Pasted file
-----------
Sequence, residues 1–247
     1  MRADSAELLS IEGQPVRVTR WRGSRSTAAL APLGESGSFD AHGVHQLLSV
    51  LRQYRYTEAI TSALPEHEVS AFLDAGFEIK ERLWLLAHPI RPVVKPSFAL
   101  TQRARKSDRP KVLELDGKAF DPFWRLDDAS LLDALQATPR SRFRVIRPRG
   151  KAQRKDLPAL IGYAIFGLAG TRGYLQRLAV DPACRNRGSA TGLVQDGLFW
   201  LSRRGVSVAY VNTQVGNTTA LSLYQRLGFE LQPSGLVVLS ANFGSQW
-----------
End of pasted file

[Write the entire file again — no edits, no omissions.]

Sequence, residues 1–247
     1  MRADSAELLS IEGQPVRVTR WRGSRSTAAL APLGESGSFD AHGVHQLLSV
    51  LRQYRYTEAI TSALPEHEVS AFLDAGFEIK ERLWLLAHPI RPVVKPSFAL
   101  TQRARKSDRP KVLELDGKAF DPFWRLDDAS LLDALQATPR SRFRVIRPRG
   151  KAQRKDLPAL IGYAIFGLAG TRGYLQRLAV DPACRNRGSA TGLVQDGLFW
   201  LSRRGVSVAY VNTQVGNTTA LSLYQRLGFE LQPSGLVVLS ANFGSQW